Between 1926 and 1931, openly gay Alexander Gumby operated the Gumby Book Studio, one of the preeminent literary and artistic salons of the Harlem Renaissance, on the second floor of this rowhouse.

The studio and part-time exhibition space housed his vast collection of rare books, manuscripts, and volumes of scrap clippings primarily related to African-American history.

Header Photo
Credit: Christopher D. Brazee/NYC LGBT Historic Sites Project, 2017.


In 1904, collector, archivist, historian, and social personality Alexander Gumby (full name Levi Sandy Alexander Gumby; 1885-1961) moved from Maryland to Harlem, where he remained for the rest of his life. He is known for two main achievements: compiling over 150 scrapbooks that record African-American history from the 19th to the mid-20th centuries and operating the well-known Gumby Book Studio.

His life-long, self-described “obsession” with creating scrapbooks resulted in his famed collection of rare books, manuscripts, and volumes of photographs, pamphlets, artwork, clippings, and ephemera of Black culture. Gumby therefore played an early and significant role in preserving and disseminating African-American history.

By 1925, his 2-½ room apartment in this rowhouse became so crowded that he leased the entire second-floor unpartitioned office with large windows overlooking the street. This became the Gumby Book Studio. Charles W. Newman, a financier and sometime romantic partner, assisted with financial support. Gumby envisioned the studio as part workspace, part exhibition space, and part artistic and literary salon.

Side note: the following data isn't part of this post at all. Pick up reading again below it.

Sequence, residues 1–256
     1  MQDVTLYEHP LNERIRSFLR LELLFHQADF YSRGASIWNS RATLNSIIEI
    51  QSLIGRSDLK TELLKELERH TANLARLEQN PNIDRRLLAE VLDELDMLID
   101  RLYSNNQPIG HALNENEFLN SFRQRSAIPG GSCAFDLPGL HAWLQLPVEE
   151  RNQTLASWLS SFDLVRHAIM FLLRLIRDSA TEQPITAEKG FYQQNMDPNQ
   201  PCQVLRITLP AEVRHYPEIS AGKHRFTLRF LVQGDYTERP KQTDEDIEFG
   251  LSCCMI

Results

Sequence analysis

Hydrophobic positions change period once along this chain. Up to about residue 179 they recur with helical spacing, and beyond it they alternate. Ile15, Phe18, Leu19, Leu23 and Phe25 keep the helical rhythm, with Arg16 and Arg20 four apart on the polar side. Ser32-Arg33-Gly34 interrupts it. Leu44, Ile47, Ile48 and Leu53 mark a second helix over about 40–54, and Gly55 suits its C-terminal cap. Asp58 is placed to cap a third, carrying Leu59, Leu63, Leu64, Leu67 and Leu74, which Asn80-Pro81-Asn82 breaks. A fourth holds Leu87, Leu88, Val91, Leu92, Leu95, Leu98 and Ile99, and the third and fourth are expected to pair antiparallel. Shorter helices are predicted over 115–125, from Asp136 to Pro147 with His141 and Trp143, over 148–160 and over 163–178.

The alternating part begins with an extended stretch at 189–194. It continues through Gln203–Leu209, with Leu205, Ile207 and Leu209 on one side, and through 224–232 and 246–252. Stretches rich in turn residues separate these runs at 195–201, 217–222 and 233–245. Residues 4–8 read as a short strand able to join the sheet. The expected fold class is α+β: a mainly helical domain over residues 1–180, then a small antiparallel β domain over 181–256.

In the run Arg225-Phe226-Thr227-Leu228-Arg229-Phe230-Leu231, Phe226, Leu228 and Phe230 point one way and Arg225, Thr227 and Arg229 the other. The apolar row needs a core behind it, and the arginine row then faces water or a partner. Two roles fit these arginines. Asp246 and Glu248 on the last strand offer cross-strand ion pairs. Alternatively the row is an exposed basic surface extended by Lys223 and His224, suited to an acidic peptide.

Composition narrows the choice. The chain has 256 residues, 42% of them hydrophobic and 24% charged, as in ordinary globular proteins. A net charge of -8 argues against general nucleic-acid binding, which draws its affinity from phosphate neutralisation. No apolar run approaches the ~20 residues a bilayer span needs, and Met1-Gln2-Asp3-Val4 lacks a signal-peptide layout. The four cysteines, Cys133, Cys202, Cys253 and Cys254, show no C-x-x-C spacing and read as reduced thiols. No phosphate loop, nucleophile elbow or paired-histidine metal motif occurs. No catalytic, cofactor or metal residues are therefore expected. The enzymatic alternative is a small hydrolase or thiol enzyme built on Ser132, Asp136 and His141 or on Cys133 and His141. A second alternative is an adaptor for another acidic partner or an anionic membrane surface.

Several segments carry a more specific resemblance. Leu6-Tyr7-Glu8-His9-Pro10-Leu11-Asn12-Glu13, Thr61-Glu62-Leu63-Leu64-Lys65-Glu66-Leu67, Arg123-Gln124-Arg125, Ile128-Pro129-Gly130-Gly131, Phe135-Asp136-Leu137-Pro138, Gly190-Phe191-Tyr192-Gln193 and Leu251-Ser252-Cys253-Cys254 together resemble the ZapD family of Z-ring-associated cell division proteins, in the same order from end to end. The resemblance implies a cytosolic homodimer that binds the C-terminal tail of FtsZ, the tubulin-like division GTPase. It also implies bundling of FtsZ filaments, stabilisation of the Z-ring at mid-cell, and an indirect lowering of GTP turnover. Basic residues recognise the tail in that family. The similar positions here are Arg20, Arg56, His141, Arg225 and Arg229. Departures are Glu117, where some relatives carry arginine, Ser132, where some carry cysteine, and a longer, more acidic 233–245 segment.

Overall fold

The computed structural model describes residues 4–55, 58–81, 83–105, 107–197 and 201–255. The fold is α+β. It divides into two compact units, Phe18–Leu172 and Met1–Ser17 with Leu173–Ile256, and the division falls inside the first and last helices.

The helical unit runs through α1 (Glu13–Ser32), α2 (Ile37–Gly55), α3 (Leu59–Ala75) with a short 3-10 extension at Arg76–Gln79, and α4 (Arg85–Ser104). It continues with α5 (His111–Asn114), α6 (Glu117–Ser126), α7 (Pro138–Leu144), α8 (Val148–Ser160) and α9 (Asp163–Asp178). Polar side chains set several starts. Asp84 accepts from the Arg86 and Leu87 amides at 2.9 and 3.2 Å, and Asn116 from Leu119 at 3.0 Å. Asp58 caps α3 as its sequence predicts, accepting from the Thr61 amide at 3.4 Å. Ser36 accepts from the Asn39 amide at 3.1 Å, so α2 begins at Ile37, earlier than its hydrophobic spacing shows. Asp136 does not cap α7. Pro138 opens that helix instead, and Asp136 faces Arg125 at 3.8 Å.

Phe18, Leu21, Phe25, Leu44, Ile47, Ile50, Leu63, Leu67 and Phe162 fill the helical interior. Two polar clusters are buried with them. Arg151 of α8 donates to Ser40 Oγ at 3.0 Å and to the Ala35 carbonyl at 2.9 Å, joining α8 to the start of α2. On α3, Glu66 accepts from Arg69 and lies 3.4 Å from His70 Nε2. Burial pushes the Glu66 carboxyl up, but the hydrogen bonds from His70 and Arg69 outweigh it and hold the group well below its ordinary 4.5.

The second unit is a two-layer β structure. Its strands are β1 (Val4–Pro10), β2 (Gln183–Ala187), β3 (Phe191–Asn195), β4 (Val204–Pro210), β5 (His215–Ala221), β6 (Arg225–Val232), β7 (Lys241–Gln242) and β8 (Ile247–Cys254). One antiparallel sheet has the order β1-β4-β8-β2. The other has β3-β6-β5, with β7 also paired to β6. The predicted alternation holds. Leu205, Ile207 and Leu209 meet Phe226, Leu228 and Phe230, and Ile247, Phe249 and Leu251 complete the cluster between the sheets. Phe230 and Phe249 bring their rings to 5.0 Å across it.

The studio officially opened in 1926 and was furnished with bookshelves lining the walls, a grand piano, and Persian carpets. For the next five years, Gumby hosted parties, performances, exhibitions, and receptions for nearly every literary and artistic figure of the Harlem Renaissance. Gay attendees included Countee CullenClaude McKayLangston HughesAlain LockeRichard Bruce Nugent, and Wallace Thurman.

He was the Great God Gumby, God of his studio, God of all he surveyed, and God could do no wrong. He allowed himself luxury of temperament…He was a true person and in reality he was the God he called himself.

Richard Bruce Nugent, Gay Rebel of the Harlem Renaissance (2002)

Gumby was a charismatic host often performing his own sexually explicit sonnets and earning such nicknames as “Mr. Scrapbook,” “Great God Gumby,” and “The Count.” According to Nugent, a close friend, Gumby was the Beau Brummel of his friends, wearing “Fancy clothes, a perennial walking stick, pale yellow kid gloves, and a diamond stick-pin…”

The studio ultimately closed in 1931 after Newman lost millions in the 1929 stock market crash and Gumby faced health issues. In 1950 he donated his materials, which he titled The L.S. Alexander Gumby Collection of Negroiana, to Columbia University. Gumby continued to add to his scrapbooks until his death.

Entry by Ken Lustbader, project director (January 2018).

NOTE: Names above in bold indicate LGBT people.

Building Information

  • Architect or Builder: Cleverdon & Putzel
  • Year Built: 1885 (with a 1905 alteration to add storefronts)


  1. Donald Albrecht and Stephen Vider, Gay Gotham: Art and Underground Culture in New York (New York: Rizzoli International Publications, Inc., 2016).

  2. Henry Louis Gates, Jr. and Evelyn Brooks-Higginbotham, eds., The African American National Biography (New York: Oxford University Press, 2008), pp. 230-32.

  3. L.S. Alexander Gumby, “The Adventures of My Scrapbooks,” Columbia Libraries Columns, Vol. II, No. 1 (November 1952), pp. 19-23.

  4. Nicholas Osborne, “The Unwritten History”: Alexander Gumby’s African America. Online exhibition, Columbia University Libraries Online Exhibitions, bit.ly/2rPEcyr, accessed January 25, 2018.

  5. Richard Bruce Nugent, Gay Rebel of the Harlem Renaissance: Selections from the Work of Richard Bruce Nugent, ed. Thomas H. Wirth (Durham, NC: Duke University Press, 2002), pp. 223-26. [source of pull quote]

  6. Real Estate Record & Builders Guide, May 16, 1885, p. 581; November 12, 1904, p. 1030.

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Curated Themes

13 Sites

The Harlem Renaissance

17 Sites

Communities of Color

48 Sites

Black History Month

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